Drywall is available in different types, shapes, and sizes. It is essential to know what size and thickness of drywall will be ideal for your home. This article takes you through the different types of drywalls and their applications.
Ideally, the 1/2 – inch drywall panels are the accepted standard ceilings and interior walls. The 5/8-inch drywall thickness is also common for ceilings and walls that need a prescribed fire-resistance rating.
When building a new home or remodeling your current one, make sure you choose the right thickness and drywall size for your rooms. Your contractor should guide you on the same and offer you a detailed estimate for the room or entire house.
Drywall is the most common material for interior walls and ceilings for all types of buildings. It is engineered using gypsum material sandwiched between two sheets of thick paper. It is a top choice for most homes because of its durability and effectiveness. Below is a list of different drywall thicknesses, their applications, and costs.
- 1/4 – Inch (6.35mm): this drywall thickness is the most economical option, and it is suitable for curved surfaces. It is also ideal for creating new surfaces over plaster. These drywall panels are lightweight (38 pounds) and very thin, so you must handle them with a lot of caution to avoid bending or breaking them.
- 3/8 – Inch (9.52mm): this drywall thickness is ideal for remodeling partitions. It can be used interchangeably with the ¾-inch ones for patching or fixing patches on the wall where the plaster has been removed or has worn out.
- 1/2 – Inch (12.7mm): ½- inch drywall thickness is the standard drywall type for most homes, and it is available in a variety of lengths. It is ideal for walls and ceilings and can be used with wood and steel frames.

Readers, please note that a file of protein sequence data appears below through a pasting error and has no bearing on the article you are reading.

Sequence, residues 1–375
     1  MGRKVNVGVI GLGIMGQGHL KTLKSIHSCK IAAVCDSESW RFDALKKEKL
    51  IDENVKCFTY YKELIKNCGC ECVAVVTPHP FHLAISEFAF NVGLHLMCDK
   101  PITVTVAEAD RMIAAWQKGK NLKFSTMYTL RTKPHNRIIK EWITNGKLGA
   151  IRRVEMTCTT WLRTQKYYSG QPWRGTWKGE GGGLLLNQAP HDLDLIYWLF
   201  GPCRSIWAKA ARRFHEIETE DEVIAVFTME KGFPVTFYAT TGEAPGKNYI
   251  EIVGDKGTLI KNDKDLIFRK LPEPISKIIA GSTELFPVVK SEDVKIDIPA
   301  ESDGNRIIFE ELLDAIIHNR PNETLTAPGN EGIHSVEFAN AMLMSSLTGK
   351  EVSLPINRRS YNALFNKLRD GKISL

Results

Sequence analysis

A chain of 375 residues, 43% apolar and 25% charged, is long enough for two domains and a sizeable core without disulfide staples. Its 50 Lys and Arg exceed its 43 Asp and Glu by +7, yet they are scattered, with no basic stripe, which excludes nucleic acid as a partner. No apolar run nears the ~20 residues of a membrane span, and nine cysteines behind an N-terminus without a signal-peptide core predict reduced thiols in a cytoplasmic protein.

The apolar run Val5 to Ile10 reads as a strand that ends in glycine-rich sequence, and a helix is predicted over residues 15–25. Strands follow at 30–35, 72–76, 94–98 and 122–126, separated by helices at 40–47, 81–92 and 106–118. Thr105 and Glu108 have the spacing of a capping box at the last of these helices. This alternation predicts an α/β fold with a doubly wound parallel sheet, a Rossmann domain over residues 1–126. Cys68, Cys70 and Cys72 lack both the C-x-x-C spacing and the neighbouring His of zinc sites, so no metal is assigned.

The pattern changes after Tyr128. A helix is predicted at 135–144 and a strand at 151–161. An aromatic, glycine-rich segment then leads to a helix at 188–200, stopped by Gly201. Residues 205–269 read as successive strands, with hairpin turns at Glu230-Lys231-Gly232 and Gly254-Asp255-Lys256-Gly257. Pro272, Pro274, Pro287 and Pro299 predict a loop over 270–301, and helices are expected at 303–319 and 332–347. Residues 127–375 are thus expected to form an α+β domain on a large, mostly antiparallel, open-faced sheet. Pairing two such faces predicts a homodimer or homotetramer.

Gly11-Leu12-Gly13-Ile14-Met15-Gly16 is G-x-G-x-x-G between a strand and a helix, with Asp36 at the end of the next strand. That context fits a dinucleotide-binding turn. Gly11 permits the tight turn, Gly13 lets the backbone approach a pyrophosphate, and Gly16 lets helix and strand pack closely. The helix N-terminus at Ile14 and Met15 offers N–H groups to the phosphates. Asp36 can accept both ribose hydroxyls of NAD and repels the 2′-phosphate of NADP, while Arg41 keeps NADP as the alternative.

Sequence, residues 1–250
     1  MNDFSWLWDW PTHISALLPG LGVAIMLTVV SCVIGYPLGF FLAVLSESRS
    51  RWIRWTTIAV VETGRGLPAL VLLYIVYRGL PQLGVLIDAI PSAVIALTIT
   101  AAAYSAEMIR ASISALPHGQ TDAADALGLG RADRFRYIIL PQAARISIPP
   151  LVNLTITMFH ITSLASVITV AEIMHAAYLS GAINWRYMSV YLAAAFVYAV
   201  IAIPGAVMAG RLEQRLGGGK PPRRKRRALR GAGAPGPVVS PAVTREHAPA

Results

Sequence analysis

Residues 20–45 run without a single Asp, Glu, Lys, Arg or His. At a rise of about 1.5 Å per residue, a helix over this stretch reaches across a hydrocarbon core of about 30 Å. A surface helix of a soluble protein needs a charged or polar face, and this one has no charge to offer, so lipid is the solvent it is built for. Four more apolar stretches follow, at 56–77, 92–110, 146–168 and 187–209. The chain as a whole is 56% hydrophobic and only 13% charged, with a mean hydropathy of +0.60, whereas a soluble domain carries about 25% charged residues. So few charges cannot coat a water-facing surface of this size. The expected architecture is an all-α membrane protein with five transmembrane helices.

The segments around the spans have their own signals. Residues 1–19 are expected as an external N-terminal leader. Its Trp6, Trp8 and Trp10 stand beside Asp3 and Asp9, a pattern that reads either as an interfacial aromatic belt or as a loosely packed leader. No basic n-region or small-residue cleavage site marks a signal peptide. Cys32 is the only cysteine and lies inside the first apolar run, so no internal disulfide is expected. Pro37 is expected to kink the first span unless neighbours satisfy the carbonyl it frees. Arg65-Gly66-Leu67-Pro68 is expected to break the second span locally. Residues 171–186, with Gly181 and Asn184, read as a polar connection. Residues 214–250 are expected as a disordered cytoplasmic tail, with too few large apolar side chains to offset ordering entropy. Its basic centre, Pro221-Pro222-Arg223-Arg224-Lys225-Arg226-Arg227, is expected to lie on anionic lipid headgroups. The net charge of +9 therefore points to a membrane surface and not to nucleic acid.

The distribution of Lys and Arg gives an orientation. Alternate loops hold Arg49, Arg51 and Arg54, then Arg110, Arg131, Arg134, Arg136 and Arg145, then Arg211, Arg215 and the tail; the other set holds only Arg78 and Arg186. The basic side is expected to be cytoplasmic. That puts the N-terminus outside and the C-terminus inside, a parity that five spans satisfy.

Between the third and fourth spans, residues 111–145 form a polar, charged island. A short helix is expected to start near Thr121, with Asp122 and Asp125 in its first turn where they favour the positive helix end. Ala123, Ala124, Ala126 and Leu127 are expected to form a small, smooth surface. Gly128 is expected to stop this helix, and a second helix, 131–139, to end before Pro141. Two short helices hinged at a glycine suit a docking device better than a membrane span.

- 5/8 – Inch (15.9mm): the 5/8-inch drywall is the thickest option, suitable for commercial projects. It is also called firewall drywall, and its thickness offers soundproofing, especially in noisy places.
|Thickness||Application||4 x 8’ sheet cost|
|1/4"||Curved surfaces||$6 - $9|
|3/8"||Cheaper wall alternative||$10 - $15|
|1/2"||Standard - Walls||$12 - $18|
|5/8"||Ceiling/ fire resistant||$14 - $20|
This drywall is suitable for walls and ceilings, and it does not sag when installed on ceilings. 5/8-inch thick drywall is not common in residential homes, and it is heavier and costlier than the other options.
Drywall thickness comes with other related properties like moisture and mold resistance or insulation. Thicker drywall panels offer additional insulation and are ideal for homes that do not retain heat. They also provide moisture, mold, mildew, and fire resistance.
The table below shows the different prices for various drywall thicknesses.
Best thickness drywall for walls
The ½ -inch drywall is the standard type used in most residential homes. It is the most common option for interior walls and ceilings because it is easy to carry and install.
If you are DIYing the project and are looking for light drywall, consider buying the ultra-light ½ -inch drywall. The ultra-light option is about 13 pounds lighter than similar options of the same thickness and size.
Best thickness drywall for ceilings
The best thickness for ceilings is either the ½ – inch drywall or the 5/8-inch one. The standard thickness for both walls and ceilings is the ½ -inch drywall, while the 5/8 –inch drywall is commonly installed on ceilings or walls that need a prescribed fire-proof rating.
Standard drywall sheet sizes
Drywall sheets are available in different standard sizes. The 4 x 8’ size is the easiest to work with, making it the most common choice for installers unless larger sizes are required.
- 4-foot x 8 foot: this is the most common drywall size, and it comes in all types. This drywall is the easiest to handle and install, and it is also the least expensive. If you plan to DIY your project, this drywall should be your go-to option because it is lighter and easier to handle unless you require larger options for different applications.
- 4-foot x 10 foot: this drywall is lighter than most traditional ½ -inch drywall. It is also easier to use and cheaper than other heavier options. It is suitable for both walls and ceilings, thus resulting in less waste. It also accepts several decorative finishes, wall coverings, paint, and textured coatings.